H Mizuta, M E Schmidt, M. Haque, S Kubo, G Agbonlahor, H Miyashita, J Kulothungan, S Ogawa and M Muruganathan
Japan Advanced Institute of Science and Technology (JAIST), Japan National Institute of Advanced Industrial Science and Technology (AIST), Japan Hitachi Cambridge Laboratory, Hitachi Europe Ltd, UK
ScientificTracks Abstracts: Nano Res Appl
An overview is presented for our recent study of novel graphene nano-electromechanical (GNEM) devices. We first present GNEM devices for low-power switching and ultra-sensitive chemical gas sensing applications. Three-terminal GNEM switches with heterogeneously stacked graphene/h-BN layers are developed, which achieves low-voltage and sub-thermal switching (S<<60 mV/ decade). We then present GNEM chemical gas sensors, which detect either resistance or mass changes due to a small number of gas molecules physisorbed onto suspended graphene at room temperature. With the resistance detection method, we show quantized increments in the temporal resistance, signifying single CO2 molecule adsorption. As for the mass detection method, we demonstrate the resonance frequency shift of a doubly-clamped graphene resonator with the mass resolution of hundreds zeotpgram (10-21 g) order. We also show our recent attempt of patterning single-nanometer-size nanopores in suspended graphene by using state-of-the-art atomic-size focused helium ion beam. Arrays of pores of 3-4 nm in diameter spanning a complete suspended ribbon were successfully patterned with a pitch down to ~14 nm. Thanks to a very high Young’s modulus and therefore a high Debye temperature of graphene, the phononic bandgaps are expected to be formed in the bandwidth of a few THz with such single-nanometer pore arrays. This enables us to control thermal transport dominated by heat phonons for relatively low temperature (<200°C). We will discuss the possibility of GNEM-based heat phonon engineering applications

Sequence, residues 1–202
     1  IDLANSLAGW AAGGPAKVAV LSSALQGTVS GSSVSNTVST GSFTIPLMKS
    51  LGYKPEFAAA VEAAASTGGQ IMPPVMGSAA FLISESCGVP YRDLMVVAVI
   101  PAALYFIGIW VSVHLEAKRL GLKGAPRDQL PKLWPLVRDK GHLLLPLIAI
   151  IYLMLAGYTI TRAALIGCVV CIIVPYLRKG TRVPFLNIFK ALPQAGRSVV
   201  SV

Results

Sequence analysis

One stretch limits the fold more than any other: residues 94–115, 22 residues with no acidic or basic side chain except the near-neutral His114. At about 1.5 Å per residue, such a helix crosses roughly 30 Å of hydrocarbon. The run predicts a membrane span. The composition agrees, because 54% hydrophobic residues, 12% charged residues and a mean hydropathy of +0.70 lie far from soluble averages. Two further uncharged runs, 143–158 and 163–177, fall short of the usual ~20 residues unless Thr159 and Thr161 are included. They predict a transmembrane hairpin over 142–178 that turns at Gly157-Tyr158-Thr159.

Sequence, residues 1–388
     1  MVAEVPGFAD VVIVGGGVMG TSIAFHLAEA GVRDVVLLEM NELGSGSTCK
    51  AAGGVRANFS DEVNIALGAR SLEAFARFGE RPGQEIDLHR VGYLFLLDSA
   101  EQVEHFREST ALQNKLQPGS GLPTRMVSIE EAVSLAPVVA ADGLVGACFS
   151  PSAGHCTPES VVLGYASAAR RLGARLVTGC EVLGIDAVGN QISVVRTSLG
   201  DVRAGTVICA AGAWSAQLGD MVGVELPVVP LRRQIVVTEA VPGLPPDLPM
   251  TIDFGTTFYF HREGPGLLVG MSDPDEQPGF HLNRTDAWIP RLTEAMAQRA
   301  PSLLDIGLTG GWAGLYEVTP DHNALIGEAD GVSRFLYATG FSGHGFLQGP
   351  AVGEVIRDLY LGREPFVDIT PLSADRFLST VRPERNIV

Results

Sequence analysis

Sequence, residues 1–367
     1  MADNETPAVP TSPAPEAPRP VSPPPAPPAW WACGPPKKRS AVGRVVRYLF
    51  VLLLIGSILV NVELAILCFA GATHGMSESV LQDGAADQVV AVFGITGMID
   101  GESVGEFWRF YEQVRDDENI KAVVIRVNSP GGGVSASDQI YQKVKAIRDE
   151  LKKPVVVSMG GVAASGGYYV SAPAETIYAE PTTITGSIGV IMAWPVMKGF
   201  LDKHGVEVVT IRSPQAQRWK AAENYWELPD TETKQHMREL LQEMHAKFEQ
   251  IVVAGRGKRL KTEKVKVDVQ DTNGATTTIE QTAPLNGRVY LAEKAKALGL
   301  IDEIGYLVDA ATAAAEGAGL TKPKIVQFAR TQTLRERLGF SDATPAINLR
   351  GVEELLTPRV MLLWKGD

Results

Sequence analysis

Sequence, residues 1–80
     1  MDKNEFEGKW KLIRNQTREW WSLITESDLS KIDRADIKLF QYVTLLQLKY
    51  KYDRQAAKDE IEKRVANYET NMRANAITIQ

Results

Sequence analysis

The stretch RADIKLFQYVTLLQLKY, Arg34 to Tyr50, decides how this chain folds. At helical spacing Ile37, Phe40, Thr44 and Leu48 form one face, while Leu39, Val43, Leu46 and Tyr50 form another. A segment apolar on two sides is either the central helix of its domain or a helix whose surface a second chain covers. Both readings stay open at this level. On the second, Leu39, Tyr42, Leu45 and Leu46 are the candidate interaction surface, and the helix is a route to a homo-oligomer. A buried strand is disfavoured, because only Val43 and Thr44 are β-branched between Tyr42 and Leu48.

Hiroshi Mizuta (C Phys FInst P) is currently Distinguished Professor at School of Materials Science, Japan Advanced Institute of Science and Technology (JAIST). He holds a joint appointment, as Visiting Chief Scientist with the Hitachi Cambridge Laboratory. He has a strong research interest in silicon- and graphene-based nanoelectronic devices and nano-electro-mechanical- systems (NEMS) and has led a number of large research projects in the UK and Japan, including PI of the UKRC EPSRC project SISSQIT (2010-2013) on electron spins in Si quantum dots, the EPSRC-JST UK-Japan project NOVTLOS (2011-2014) in which his team developed a new Si-based NEMS nonvolatile switch, and PI of the Japan MEXT grant-in-aid for scientific research projects, Development of Graphene NEMS Hybrid Functional Devices for Autonomous and Ultrasensitive Integrated Sensors (2013-2018) and Single-Nanometer-Scale Graphene Nems Technology for Heat Phonon Engineering (2019- 2023). He has published more than 530 peer-reviewed scientific papers and filed over 50 patents.
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